i6 Green Challenge Launched
DOE joined with the U.S. Commerce Department's Economic Development Administration and its Office of Innovation and Entrepreneurship on March 10 to kickoff the $12 million i6 Green Challenge.
The 2nd annual i6 Green Challenge focuses rewards innovative, ground-breaking ideas that enable technology commercialization, new venture formation, green job creation, and economic growth.
The funding supports six regional teams with the most innovative ideas to drive technology commercialization and entrepreneurship in renewable energy, energy efficiency and green building technology/manufacturing, materials reuse/recycling, and environmental restoration.
It aims to promote collaboration in each region by encouraging and rewarding innovative Proof-of-Concept Centers, which accelerate technology commercialization by assisting entrepreneurs and existing companies. The proposed centers should help to solve problems that impede technology commercialization in a given region.
The partnership also includes the USDA, EPA, National Science Foundation, the Commerce Department's National Institute of Standards and Technology, and the U.S. Patent and Trademark Office.
Letters of intent are due by May 2, and the deadline to submit a full application is May 26. See the DOE press release, the federal funding opportunity announcement , and the i6 Green Challenge website.
DOE Fellowships to Support Next Generation of Clean Energy Innovators
On March 10, DOE announced two fellowship programs designed to attract the best and brightest scientific minds in the US to work on advanced renewable energy and energy efficiency technologies.
The Postdoctoral Fellowships Program and the SunShot Initiative Fellowships Program will prepare scientists and engineers for careers in clean energy. These programs will increase U.S. economic competitiveness and support job growth by promoting science, technology, engineering, and math education.
Under the Office of Energy Efficiency and Renewable Energy (EERE) Postdoctoral Fellowships Program, DOE is seeking up to 20 postdoctoral fellows whose academic careers have focused on: building efficiency, industrial efficiency, advanced vehicles, fuel cells, wind or water power, or biomass, geothermal, or solar energy.
The 2-year program will support research and development of breakthrough technologies, by encouraging fellows to pursue innovative, independent projects in addition to the specific research project area selected by the fellow when applying to the program. Applications for EERE Postdoctoral Fellowships are due June 30. Fellowships will begin by mid-November and will last up to two years. See the EERE Postdoctoral Fellowship Program website.
The SunShot Initiative Fellowships Program will select either recent Masters or Ph.D. graduates to focus on critical technology innovations that will advance the SunShot goal of a 75% reduction in the total cost of solar energy systems by the end of the decade.
Those selected will aggressively drive innovations in the ways solar systems are conceived, designed, manufactured, and installed. They will work at DOE's Solar Energy Technologies Program headquarters in Washington, DC, and will help develop new research and development programs to achieve the cost-cutting goal. See the DOE press release, the SunShot Initiative Fellowship Program website, and the SunShot Initiative website.
Grant Helps Propel Innovative Wind Energy Small Business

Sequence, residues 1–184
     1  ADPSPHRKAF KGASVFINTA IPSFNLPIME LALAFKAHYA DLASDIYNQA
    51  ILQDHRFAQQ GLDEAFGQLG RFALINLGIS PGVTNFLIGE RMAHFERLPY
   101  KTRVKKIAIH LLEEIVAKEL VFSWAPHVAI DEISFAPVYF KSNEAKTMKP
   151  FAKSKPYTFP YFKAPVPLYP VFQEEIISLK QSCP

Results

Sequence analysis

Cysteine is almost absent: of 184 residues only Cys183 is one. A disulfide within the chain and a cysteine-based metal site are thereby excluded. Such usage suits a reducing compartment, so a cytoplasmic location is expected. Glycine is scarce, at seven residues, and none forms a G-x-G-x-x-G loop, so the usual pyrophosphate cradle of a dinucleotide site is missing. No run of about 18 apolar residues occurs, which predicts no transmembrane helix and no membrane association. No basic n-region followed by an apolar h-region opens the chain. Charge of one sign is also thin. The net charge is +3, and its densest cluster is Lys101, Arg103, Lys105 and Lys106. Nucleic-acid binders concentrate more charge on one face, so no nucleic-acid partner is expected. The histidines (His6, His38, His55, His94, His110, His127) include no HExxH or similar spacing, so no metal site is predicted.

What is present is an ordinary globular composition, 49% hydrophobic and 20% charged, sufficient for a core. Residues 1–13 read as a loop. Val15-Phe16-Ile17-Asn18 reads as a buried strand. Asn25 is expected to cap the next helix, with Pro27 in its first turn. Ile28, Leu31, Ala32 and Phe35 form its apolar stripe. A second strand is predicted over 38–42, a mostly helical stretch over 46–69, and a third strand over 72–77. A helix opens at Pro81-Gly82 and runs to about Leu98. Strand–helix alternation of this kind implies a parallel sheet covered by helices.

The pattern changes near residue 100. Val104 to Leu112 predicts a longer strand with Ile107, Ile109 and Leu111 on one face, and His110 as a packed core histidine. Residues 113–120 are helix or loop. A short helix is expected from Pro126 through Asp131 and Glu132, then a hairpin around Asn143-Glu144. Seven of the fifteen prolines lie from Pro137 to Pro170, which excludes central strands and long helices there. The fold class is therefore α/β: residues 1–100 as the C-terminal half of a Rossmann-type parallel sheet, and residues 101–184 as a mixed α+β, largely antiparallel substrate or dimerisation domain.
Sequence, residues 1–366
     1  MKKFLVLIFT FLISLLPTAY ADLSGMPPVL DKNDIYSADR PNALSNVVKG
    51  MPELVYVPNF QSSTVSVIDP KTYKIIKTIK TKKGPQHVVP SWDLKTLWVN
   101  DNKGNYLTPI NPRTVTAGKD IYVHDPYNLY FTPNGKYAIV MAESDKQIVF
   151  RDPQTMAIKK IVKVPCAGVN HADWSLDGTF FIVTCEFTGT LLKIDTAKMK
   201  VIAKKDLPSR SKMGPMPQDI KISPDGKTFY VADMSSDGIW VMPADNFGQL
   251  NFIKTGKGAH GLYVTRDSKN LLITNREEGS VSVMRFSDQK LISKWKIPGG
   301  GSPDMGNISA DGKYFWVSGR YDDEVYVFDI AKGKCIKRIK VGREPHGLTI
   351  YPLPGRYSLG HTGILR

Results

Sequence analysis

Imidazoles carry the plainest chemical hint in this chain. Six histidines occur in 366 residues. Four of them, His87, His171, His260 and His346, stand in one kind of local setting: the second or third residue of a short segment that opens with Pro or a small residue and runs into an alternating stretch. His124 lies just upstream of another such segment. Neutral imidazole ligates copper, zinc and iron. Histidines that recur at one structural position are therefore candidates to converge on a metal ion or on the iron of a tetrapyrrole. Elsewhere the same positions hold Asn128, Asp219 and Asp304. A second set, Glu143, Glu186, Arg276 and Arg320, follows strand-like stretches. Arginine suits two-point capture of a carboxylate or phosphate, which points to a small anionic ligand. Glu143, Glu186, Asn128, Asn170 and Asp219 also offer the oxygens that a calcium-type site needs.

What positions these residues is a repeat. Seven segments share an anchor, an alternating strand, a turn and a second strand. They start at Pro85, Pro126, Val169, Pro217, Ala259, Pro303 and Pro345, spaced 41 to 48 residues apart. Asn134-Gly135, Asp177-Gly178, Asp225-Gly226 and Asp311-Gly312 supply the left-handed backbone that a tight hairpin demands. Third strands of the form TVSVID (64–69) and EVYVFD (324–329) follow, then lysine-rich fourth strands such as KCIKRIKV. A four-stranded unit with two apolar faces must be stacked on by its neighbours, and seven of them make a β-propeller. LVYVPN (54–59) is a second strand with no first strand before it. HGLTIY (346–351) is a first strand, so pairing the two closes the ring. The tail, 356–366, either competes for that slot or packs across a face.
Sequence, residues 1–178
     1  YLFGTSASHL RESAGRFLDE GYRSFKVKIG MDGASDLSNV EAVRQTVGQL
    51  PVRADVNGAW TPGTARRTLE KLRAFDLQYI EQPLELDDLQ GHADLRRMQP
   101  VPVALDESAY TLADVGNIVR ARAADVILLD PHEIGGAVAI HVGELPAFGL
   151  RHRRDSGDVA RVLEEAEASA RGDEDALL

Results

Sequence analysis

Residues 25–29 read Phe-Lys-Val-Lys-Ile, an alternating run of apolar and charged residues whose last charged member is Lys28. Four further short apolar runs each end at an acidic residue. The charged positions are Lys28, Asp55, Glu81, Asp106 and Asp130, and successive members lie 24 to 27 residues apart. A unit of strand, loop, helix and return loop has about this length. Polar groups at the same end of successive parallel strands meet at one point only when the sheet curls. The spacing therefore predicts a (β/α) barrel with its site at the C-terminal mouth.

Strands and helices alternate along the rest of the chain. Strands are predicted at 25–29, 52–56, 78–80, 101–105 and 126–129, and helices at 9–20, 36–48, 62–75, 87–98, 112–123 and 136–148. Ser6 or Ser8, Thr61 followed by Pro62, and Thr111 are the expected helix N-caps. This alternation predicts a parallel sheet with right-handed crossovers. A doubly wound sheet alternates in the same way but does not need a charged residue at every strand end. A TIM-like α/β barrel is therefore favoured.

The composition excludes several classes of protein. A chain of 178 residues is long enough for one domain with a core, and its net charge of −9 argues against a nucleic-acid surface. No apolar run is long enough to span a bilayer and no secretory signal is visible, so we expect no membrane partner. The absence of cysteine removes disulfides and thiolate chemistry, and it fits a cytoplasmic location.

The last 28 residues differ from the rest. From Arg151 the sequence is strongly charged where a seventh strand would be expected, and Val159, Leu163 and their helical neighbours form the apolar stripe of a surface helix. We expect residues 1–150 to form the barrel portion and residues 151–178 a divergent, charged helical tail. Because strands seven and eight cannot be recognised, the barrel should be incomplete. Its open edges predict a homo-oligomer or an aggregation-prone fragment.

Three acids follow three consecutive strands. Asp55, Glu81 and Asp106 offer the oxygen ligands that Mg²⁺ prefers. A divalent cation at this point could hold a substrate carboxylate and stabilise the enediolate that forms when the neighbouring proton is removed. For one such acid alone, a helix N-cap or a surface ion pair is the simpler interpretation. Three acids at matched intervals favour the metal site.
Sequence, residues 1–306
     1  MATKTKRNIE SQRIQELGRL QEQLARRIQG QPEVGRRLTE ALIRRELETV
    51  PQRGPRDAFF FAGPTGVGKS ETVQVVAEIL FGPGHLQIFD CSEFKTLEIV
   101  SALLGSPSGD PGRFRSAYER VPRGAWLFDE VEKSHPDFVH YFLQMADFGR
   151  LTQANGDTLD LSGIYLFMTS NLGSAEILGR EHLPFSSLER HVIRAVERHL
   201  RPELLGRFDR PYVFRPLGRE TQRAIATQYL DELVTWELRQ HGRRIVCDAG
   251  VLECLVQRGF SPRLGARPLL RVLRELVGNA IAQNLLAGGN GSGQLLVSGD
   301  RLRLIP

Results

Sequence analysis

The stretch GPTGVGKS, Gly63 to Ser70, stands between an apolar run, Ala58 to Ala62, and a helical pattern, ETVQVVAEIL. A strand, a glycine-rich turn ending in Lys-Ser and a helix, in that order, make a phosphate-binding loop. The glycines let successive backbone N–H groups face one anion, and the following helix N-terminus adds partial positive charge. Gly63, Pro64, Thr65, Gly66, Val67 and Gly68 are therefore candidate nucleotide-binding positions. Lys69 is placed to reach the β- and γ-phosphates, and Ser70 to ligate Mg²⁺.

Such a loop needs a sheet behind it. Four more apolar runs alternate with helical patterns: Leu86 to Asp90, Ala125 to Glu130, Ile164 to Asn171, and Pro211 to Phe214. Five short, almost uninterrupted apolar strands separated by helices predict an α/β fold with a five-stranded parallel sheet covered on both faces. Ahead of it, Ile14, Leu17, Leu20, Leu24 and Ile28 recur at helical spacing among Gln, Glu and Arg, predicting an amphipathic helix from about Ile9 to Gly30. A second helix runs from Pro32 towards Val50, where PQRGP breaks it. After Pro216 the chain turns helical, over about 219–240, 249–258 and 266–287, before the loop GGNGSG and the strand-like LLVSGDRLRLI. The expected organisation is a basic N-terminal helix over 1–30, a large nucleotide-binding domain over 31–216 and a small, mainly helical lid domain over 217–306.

Since then, the Park City, Utah-based small business received early funding from DOE, which catalyzed investment from the California Energy Commission and private sources and ensured that the promise of the company's innovative technology could be realized at commercial scale. As a testament to the importance of DOE's investment in innovative small businesses, Wind Tower Systems' 100-meter "Space Frame Tower" technology was acquired by General Electric Company (GE) in early February.
The innovative design of the taller wind turbine towers can product more power because higher-altitude winds are stronger and the towers can be outfitted with longer blades. The combination of stronger winds and longer blades enable the turbines to capture more energy, improving wind farm developers' return on investment per unit.
With the support of $850,000 in Phase I and II Small Business Innovation Research (SBIR) grants from DOE in 2002 and 2003, Wind Tower Systems was able to complete the final engineering design for the 100-meter wind turbine tower that GE now plans to market. See the complete Energyblog post.
A Biofuels First: Producing Isobutanol from Cellulose
Researchers at DOE's BioEnergy Science Center have achieved another advance in the drive toward creating next-generation biofuels by using bacteria to convert plant matter directly into isobutanol.
Using consolidated bioprocessing-a one-step process to produce biofuels-the team produced isobutanol directly from cellulose for the first time.
Higher-grade alcohols such as isobutanol are better candidates for replacing gasoline than ethanol because they have an energy density, octane value, and volatility that's much closer to gasoline.
The process highlights the possibility of creating a new industry using bio-material such as wheat and rice straw, lumber wastes, corn stover, and specially-developed plants to produce biofuels.
The research is part of a broad DOE effort to reduce U.S. dependence on foreign oil and to create new economic opportunities for rural America. Researchers at DOE's BioEnergy Science Center, led by DOE's Oak Ridge National Laboratory (ORNL), conducted the work. The team's findings are published online in the journal "Applied and Environmental Microbiology." See the press releases from DOE and ORNL, as well as the BioEnergy Science Center website.
EERE Network News is a weekly publication of the U.S. Department of Energy's Office of Energy Efficiency and Renewable Energy (EERE).